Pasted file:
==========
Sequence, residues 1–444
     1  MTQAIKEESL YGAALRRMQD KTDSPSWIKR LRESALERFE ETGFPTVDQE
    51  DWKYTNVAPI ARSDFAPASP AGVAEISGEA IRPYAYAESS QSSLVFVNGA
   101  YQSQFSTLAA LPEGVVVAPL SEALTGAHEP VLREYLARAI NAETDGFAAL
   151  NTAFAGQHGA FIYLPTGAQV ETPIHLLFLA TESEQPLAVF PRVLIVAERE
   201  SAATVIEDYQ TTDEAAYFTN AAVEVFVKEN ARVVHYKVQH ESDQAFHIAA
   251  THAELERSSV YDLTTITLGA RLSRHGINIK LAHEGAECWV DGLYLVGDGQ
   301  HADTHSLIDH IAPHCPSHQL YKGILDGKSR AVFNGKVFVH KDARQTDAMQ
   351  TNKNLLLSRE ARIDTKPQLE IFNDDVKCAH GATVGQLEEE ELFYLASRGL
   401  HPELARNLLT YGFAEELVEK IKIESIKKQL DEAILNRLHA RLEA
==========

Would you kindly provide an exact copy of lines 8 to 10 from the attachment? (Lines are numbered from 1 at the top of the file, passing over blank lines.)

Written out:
   301  HADTHSLIDH IAPHCPSHQL YKGILDGKSR AVFNGKVFVH KDARQTDAMQ
   351  TNKNLLLSRE ARIDTKPQLE IFNDDVKCAH GATVGQLEEE ELFYLASRGL
   401  HPELARNLLT YGFAEELVEK IKIESIKKQL DEAILNRLHA RLEA